Astros outlast Dodgers in an epic thriller of a Game 5 in the World Series


Astros outlast Dodgers in an epic thriller of a Game 5 in the World Series

Astros outlast Dodgers in an epic thriller of a Game 5 in the World Series:- In their darkest nightmares this winter, if not the rest of their lives, the Los Angeles Dodgers will see rockets and hear train whistles. They will feel the walls of Minute Maid Park creeping slowly in on them and catch ghostly glimpses of Houston Astros circling the bases, one after another. They may wake up in a sweat and try to count outs to get back to sleep — 1, 2, 3 . . . 24, 25, 26 — but they will never be able to get to the end. The last out will hang just out of their reach for eternity.

A had-to-see-it-to-believe-it Game 5 of the World Series featured massive and incomprehensible swings of both lumber and momentum. But the last of each belonged to the Astros, giving them an impossibly rich and harrowing 13-12 win, one that tested the hearts and stomachs of everyone in the building until the final, precious out. And it leaves this upstart franchise, born in 1962 as the Colt .45’s, one victory away from its first World Series title.

After a much-needed day off — for the teams’ respective arms, if not their blood pressures — the World Series heads back to Dodger Stadium for Game 6 on Tuesday night, when the Dodgers, behind left-handed starter Rich Hill, must defeat Astros ace Justin Verlander, who is 4-0 with a 2.05 ERA this postseason, just to force a Game 7 the following night.

At some point, on one of those nights, the 2017 baseball season will come to an end, but not before leaving us this classic on the final night of baseball this year in Houston — a game that didn’t end until the bottom of the 10th inning, 5 hours 17 minutes after it started, when Alex Bregman singled off Dodgers closer Kenley Jansen to score pinch runner Derek Fisher from second with the winning run.

Jansen was in his second inning of work at the end of a long, taxing and gruesome night for the Dodgers’ bullpen. With two outs in the 10th, he hit Brian McCann with a pitch. After George Springer walked, the Astros sent Fisher in to pinch-run for McCann at second, and Bregman delivered a line-drive single to left, with Fisher sliding home ahead of the throw.

It was the most amazing, astounding, incredible — and yes, bonkers — World Series game since . . . oh, four days earlier.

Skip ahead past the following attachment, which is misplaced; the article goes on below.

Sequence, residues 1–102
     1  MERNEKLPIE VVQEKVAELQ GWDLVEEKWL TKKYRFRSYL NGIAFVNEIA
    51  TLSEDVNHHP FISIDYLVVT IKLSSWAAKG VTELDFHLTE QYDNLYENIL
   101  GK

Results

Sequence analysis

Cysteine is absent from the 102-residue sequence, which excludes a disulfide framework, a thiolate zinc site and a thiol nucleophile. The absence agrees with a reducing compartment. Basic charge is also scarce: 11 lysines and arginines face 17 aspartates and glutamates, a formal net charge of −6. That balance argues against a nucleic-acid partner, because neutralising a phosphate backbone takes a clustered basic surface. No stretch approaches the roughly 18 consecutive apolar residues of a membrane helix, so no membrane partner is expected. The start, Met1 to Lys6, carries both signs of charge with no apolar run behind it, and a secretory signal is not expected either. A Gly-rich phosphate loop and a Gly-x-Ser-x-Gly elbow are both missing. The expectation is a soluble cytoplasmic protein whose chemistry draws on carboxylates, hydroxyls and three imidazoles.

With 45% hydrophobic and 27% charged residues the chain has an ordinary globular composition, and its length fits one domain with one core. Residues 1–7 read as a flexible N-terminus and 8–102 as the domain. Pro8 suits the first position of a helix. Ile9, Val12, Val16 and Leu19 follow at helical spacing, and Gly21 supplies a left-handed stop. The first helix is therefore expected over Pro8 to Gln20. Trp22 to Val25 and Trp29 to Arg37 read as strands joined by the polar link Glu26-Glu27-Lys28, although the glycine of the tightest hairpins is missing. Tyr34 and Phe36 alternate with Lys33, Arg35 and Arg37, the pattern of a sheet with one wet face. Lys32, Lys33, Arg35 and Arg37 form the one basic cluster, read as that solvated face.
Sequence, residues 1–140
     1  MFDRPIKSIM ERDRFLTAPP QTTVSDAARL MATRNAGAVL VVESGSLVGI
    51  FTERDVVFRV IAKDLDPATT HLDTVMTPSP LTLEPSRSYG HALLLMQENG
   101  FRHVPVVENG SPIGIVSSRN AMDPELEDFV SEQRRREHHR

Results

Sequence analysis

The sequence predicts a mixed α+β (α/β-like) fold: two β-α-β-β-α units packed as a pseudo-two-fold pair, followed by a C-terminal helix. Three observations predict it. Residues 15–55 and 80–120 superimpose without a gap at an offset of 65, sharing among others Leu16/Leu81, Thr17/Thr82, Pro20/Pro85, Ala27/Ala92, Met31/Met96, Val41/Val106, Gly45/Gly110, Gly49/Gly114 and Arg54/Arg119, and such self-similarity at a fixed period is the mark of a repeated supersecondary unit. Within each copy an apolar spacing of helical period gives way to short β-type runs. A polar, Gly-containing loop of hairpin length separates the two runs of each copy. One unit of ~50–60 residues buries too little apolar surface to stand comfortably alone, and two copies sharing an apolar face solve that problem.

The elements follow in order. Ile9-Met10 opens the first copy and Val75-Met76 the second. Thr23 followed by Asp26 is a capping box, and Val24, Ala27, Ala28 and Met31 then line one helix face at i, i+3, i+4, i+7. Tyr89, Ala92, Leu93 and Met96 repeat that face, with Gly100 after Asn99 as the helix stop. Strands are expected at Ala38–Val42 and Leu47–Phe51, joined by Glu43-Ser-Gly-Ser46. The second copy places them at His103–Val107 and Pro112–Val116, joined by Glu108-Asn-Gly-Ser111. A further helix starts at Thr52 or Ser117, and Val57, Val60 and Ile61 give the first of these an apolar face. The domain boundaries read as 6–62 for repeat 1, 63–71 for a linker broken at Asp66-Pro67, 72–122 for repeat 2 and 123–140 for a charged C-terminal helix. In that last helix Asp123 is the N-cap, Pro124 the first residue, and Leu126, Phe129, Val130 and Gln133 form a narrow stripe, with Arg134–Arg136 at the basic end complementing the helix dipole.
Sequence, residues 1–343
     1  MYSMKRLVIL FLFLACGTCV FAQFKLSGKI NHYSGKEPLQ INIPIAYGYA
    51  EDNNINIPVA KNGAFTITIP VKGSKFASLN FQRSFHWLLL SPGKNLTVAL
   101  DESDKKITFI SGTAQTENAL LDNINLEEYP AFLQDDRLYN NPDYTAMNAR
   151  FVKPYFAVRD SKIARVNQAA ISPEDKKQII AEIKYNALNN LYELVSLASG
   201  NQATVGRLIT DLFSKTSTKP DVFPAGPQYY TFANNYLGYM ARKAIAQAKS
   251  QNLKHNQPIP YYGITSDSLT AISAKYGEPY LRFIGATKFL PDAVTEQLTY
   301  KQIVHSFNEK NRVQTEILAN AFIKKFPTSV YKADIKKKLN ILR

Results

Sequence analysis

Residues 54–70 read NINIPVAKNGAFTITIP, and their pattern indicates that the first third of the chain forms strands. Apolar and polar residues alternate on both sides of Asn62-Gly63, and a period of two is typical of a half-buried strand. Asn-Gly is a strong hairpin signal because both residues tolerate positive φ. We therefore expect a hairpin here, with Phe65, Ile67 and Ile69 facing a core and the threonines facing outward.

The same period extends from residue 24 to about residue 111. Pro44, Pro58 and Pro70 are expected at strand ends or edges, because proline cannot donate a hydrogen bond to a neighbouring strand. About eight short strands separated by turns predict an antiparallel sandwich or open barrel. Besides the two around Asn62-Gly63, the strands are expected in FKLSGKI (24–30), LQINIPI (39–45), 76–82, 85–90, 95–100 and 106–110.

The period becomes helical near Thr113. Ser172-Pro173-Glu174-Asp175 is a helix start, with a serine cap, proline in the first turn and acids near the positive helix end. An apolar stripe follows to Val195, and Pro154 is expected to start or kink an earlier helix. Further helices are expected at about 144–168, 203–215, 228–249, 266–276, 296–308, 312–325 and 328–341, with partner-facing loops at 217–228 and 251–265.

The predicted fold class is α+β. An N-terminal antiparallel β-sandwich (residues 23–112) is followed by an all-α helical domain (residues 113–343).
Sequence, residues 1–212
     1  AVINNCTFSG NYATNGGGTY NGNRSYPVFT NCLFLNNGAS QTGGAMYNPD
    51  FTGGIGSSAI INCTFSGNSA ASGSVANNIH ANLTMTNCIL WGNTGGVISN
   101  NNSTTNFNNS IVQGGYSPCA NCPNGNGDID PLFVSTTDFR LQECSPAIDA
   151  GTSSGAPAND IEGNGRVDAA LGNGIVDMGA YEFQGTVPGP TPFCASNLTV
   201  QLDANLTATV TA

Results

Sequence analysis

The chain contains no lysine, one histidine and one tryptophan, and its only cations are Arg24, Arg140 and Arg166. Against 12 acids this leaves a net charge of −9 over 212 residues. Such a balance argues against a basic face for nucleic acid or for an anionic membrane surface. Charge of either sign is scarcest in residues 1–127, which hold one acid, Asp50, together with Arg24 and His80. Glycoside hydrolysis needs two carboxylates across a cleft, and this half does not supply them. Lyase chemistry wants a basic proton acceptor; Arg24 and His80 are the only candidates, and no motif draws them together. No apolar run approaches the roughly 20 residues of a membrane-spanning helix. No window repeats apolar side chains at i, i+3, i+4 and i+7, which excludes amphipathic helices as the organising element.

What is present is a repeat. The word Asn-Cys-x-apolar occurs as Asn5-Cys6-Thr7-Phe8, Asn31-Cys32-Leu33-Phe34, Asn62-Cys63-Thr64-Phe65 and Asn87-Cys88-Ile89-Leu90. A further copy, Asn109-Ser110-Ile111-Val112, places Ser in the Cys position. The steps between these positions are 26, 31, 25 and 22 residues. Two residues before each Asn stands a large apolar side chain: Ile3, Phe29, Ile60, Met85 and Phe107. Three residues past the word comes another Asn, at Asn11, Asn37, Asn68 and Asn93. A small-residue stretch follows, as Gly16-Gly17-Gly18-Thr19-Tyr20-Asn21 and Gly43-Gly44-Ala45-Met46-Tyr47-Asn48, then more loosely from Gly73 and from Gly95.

The Astros rallied from deficits of 4-0, 7-4 and 8-7. They squandered leads of 11-8 and 12-9. They blew through the best arms in their bullpen — and a few of the ones they had hoped never to have to use.

This rollicking, entertaining all-timer of a series has had controversies, feats of brilliance, extra-inning slugfests and topsy-turvy outcomes — but mostly what it has featured is home runs, 22 of them to be exact by the end of Sunday’s proceedings, setting a new World Series record. Fifteen of the homers have either tied the game or put one team ahead.

In Sunday night’s thriller, there were three three-run homers in a span of 14 batters, two of which tied the game. There was the greatest pitcher of his generation blowing two big leads and failing to make it out of the fifth inning. There was a go-ahead blast by the probable NL rookie of the year, and an answer by the probable AL most valuable player. There were starters pitching in relief.

And that was just the first five innings.

By the end of the seventh, when the Astros blitzed the dead-armed remnants of the Dodgers’ overtaxed bullpen for four runs, the game had entered a bizarro realm where literally anything might happen — including a man, naked except for some American Flag shorts, sprinting onto the field and heading toward second base, which briefly delayed the otherwise incessant action.

After pulling ahead 11-8 with four runs in the seventh, the Astros still had six outs to get. Good luck with that.

Chris Devenski, the last man standing in an Astros bullpen full of spent arms and wrecked nerves, was trying to cobble together the final outs from some stray nails and rusty scrap metal someone must have found in the stadium’s basement. He walked the leadoff batter in the ninth, then surrendered a two-run homer to Yasiel Puig that drew the Dodgers to within one. Then, with two outs and the tying run at second, Chris Taylor singled up the middle to tie it at 12.

With the score tied at 7 in the seventh, Astros center fielder George Springer had gifted the Dodgers the go-ahead run in the top half, making an ill-advised, charging, diving try on a sinking liner off the bat of Cody Bellinger with one out and a runner on first. Keep the ball in front of him, and the Dodgers probably have runners on first and second. Instead, it got past Springer and almost to the wall, and the Dodgers had an 8-7 lead.